Thursday, August 21, 2008

Thumb Pollicization


So what is thumb pollicization? Well in my definition it is an incredible surgery that will allow my child to perform anything that requires a thumb/finger pinch grasp. So what will this allow Ben to do? Cutting, writing, zipping, grasping tweezers, holding his bottle better, holding a spoon better, grasping a baseball bat, holding a car steering wheel to list a few. Somethings he will be able to do better and some he will do for the first time. The medical field would define it as the surgical creation of a thumb from a finger, usually the index finger. There are several techniques, but they have in common steps to shorten, rotate, and reposition muscles to achieve a functional and aesthetic result.

Thoughts before surgery


I have to admit that prior to surgery I was 90% sure I was doing the right thing, but 10% of me kept questioning. The hard part is that it has taken such hard work to get him to where he is developmentally and I didn't want to see him fall back. I was unsure of what surgery and a HUGE cast would do to him. He has just started walking. We had been praying for months that he would begin walking before his surgery. I felt like if he could do it before, then he would slowly pick it up after. I was so nervous that if he wasn't walking it would take him forever to learn with the added difficulty of only one functioning hand and one casted arm. Well he did start walking. Just two weeks before surgery. Praise God! The day before his surgery I was having such a hard time. As a mother you worry about any surgery. Every surgery holds with it risks and you wonder what would you do if something happened and the surgery was for something that was not life threatning. But still I press on! Then I remind myself that for weeks our family has been praying that Ben would stay healthy so he could get a new thumb and here I am all worried. I needed to stop fretting and trust God. I also needed to be thankful that Ben was going to get the new thumb we had been praying for. So I changed my mindset and that night we had a celebration dinner. A celebration for Ben's new thumb!



video

Surgery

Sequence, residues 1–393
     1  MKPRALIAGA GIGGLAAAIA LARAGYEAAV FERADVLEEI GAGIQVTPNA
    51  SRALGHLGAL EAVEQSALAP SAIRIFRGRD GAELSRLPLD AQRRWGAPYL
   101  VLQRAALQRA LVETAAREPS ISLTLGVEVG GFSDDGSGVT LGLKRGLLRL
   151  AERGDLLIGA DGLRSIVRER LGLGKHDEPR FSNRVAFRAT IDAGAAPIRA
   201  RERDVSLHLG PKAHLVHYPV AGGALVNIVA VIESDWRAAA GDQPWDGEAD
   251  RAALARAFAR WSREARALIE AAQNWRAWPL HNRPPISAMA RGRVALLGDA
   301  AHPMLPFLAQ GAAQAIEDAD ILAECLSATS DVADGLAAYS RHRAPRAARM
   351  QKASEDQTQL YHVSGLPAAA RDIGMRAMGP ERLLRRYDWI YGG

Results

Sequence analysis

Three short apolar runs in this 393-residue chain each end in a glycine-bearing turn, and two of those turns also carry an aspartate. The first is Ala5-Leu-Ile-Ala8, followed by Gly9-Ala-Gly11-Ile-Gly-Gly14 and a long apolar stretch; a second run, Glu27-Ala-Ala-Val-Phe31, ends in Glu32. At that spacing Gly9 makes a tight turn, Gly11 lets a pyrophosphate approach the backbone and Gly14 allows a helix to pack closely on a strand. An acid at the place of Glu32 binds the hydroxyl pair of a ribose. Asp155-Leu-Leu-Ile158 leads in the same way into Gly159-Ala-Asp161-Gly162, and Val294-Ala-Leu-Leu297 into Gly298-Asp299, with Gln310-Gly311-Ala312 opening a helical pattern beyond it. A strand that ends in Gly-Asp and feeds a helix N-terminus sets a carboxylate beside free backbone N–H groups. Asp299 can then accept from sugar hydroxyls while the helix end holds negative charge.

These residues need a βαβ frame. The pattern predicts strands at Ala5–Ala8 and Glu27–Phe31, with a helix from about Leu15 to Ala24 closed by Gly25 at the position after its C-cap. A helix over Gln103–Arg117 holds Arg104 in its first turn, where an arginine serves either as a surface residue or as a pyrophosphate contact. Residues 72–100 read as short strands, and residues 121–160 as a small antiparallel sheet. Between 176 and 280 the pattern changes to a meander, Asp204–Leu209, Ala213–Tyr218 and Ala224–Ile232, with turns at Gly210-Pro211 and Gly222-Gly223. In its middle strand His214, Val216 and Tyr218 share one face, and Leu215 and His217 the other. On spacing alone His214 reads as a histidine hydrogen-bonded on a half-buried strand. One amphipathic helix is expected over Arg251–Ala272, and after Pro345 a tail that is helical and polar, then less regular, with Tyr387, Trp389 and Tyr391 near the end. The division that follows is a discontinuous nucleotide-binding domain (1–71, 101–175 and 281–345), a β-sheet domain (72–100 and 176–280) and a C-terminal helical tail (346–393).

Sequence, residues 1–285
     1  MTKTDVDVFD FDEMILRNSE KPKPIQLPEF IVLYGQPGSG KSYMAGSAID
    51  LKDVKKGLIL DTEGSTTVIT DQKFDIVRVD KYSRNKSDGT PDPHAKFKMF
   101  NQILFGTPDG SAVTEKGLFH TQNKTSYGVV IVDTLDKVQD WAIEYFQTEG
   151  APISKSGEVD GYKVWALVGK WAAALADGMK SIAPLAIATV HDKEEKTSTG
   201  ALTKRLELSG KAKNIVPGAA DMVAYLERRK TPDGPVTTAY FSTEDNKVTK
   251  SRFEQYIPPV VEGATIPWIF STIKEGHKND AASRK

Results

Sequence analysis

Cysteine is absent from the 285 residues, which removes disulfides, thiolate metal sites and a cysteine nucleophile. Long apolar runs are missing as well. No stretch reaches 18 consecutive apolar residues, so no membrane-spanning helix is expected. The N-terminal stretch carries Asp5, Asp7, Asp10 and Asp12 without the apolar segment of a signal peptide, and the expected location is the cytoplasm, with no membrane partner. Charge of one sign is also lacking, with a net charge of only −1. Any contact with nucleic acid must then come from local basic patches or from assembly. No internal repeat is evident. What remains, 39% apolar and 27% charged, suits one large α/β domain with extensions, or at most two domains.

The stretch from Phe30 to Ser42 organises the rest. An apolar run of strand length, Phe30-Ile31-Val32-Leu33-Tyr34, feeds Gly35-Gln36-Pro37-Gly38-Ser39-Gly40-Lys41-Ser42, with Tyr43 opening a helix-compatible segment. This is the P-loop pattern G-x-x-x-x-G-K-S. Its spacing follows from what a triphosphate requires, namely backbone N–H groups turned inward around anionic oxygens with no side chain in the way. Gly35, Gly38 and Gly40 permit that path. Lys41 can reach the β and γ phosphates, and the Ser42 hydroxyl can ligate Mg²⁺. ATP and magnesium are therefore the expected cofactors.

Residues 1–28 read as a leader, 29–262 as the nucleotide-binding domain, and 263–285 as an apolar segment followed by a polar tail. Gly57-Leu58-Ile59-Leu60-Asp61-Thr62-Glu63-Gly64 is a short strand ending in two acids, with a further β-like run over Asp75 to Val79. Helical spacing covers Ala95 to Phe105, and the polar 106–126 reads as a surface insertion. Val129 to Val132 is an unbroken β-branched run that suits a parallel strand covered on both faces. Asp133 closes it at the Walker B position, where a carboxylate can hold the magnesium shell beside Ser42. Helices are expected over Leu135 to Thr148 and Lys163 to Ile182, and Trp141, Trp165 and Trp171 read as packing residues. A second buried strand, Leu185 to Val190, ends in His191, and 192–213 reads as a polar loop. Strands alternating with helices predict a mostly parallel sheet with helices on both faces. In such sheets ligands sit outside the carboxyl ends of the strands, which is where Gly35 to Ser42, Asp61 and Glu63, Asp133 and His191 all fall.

The day of surgery finally came. Benjamin's surgery was scheduled for 9:3o am. This meant that Benjamin couldn't have any food after 12am and only clear liquids between 12am and 2am. I actually was awake at 1:45 am so I got up and gave him a bottle of apple juice. I woke up around 5:30am and Benjamin woke up shortly after that. He was standing in the kitchen stomping his foot at me telling me he was thirsty and hungry. I knew this would be tough and it was. We left for the hospital at 7am. We had a 1hr drive to get there. Once at the hospital we went to the surgery waiting room. We waiting there for around 15 mins and then they brought us back to a room with a big metal crib. They asked many question, check his stats, gave us ped pj's and left us alone for a little while. Benjamin looked so cute in his pj's as you can see! The surgery ended up starting 1 hr late so they brought in a wagon full of toys which distracted angry (from hunger) Benjamin. The surgeon came in to visit with us. They marked Ben's hand with a marker right in front of us to show which hand the procedure was to be performed on. This was actually a bit of a stress reliever. Shortly after that, the anastegeolagist came in to meet Benjamin. I was really nervous about them putting him in the crib and taking him away. At this point Ben wouldn't even let daddy hold him. He was glued to me. They did give him something orally to relax him so when they did come to get him, the nurse came into the room with a warm blanket, took him from my arms and wrapped him up. He didn't cry until he was way down the hall. I could barely hear him so that helped out a ton! I did share some tears and they took my son. It was tough! The surgery took around three hours and then they brought us to a room to meet with us. They let us know that the surgery had gone great and we would be able to see him shortly. Not long after that they came out to get me because he was crying and every time he cried his stats would go crazy. I was able to take him in my arms and walk next to his crib all the way to his room, sit down in a chair and just hold him. We gave him pain meds when needed to keep him still and resting. He stayed in the hospital one night and was ready to leave by 10am the next morning. I was so worried that it would slow him down, but when we got home, he was starting to walk again, climbed up on the couch and also jumped on his little trampoline. After going through this surgery we decided that Benjamin is "The Man"!